You are entitled to maternity leave pursuant to the Family and Medical Leave Act of 1993 (FMLA) if you meet all the following criteria:
- Your employer employs at least 50 employees within a 75-mile radius of your worksite.
- You worked at least 12 months and 1,250 hours for your employer.
- Your leave is for the birth and care of your new child, or the adoption of a child or placement of a foster child.
If all of these are met, you are entitled to up to 12-weeks of unpaid, job-protected leave. Even though it is unpaid, you may be able to use any accrued vacation or sick time and/or apply for short-term disability benefits, if applicable. This leave applies to men and women alike, so long as all eligibility requirements are met.
After your leave, your employer is required to return you to the same or similar position at the same rate of pay and benefits.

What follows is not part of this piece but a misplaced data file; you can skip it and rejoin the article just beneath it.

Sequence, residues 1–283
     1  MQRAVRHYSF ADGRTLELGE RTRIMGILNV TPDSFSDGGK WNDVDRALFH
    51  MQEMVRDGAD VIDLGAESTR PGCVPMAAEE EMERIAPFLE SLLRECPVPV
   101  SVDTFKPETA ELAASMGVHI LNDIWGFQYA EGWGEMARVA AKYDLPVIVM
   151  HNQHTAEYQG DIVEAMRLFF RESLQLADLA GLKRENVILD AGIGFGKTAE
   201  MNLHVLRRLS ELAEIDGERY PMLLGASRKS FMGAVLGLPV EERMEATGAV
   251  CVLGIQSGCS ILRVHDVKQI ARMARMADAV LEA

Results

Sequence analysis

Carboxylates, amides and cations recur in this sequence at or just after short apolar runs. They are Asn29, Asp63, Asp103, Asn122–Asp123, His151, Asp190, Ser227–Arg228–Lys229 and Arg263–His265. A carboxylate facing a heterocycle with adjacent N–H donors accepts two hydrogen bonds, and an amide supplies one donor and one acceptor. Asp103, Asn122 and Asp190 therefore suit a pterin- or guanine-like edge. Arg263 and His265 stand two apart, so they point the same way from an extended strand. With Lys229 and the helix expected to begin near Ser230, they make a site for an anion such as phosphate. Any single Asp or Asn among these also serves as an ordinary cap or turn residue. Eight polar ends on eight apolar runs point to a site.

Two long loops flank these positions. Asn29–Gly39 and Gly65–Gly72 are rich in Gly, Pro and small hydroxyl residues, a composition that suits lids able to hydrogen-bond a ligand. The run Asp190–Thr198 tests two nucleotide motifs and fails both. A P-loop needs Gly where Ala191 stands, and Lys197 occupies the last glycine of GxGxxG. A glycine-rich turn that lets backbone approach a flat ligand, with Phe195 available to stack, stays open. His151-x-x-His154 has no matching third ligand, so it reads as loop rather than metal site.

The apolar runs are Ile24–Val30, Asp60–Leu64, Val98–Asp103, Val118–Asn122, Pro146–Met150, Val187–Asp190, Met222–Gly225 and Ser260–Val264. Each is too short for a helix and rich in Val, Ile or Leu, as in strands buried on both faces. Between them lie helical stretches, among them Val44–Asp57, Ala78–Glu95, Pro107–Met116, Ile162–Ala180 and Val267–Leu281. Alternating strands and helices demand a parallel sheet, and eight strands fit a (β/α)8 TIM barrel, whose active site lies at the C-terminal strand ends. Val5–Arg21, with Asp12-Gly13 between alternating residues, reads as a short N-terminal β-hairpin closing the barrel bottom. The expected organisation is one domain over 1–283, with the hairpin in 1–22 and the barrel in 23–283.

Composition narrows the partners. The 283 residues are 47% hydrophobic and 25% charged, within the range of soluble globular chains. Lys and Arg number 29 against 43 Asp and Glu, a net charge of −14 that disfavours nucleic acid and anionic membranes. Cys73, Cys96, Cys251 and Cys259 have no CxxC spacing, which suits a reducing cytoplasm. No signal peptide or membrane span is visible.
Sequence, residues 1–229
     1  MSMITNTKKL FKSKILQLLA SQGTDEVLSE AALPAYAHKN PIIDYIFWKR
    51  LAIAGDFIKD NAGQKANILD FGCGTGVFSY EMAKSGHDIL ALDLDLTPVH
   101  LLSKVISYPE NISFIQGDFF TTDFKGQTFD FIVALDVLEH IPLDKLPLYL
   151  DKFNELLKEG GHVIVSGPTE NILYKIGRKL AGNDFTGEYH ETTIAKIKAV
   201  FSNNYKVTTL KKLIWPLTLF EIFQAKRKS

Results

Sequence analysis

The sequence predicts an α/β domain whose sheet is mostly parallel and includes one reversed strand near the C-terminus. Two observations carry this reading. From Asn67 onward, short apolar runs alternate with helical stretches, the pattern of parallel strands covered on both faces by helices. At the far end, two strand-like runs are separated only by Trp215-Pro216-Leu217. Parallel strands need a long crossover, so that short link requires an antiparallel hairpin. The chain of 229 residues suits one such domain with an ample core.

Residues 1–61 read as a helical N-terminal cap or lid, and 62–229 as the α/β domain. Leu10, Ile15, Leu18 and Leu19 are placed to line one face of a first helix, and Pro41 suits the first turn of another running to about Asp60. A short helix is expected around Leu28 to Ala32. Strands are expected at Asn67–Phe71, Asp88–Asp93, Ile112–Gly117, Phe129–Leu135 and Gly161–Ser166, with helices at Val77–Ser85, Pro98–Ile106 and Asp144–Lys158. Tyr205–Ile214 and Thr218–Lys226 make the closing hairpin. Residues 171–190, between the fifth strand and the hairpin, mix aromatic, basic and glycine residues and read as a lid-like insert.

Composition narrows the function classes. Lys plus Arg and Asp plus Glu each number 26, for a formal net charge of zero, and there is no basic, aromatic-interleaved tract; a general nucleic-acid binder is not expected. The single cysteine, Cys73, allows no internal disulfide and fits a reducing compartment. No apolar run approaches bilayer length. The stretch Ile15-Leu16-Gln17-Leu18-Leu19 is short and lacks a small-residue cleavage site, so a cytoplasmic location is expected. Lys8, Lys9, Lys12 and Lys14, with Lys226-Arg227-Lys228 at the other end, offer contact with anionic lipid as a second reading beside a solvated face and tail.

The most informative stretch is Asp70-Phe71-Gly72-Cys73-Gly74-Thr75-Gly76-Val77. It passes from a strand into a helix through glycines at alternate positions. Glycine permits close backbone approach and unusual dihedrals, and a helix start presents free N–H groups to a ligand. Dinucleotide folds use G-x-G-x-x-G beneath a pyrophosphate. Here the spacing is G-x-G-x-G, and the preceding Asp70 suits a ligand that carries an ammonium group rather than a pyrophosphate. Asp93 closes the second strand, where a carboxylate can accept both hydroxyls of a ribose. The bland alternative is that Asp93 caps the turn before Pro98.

If your employer denies you maternity leave, this violates the FMLA. It is also unlawful for your employer to retaliate against you for exercising your rights under the FMLA.
Learn more about your FMLA rights on our blog: Job Protected Leave: Know Your Rights – Family and Medical Leave Act of 1993
What if the FMLA does not apply?
You may still be entitled to maternity or paternity leave if your employer has a maternity or paternity leave policy or if a collective bargaining agreement provides for this type of leave. In certain circumstances, when maternity leave is not offered, if the employer offers other types of leave, the employer should offer pregnant employees the same leave it offers to non-pregnant employees.
If you more questions about your maternity or paternity leave rights, consult with experienced employment law attorneys who can evaluate your specific circumstances.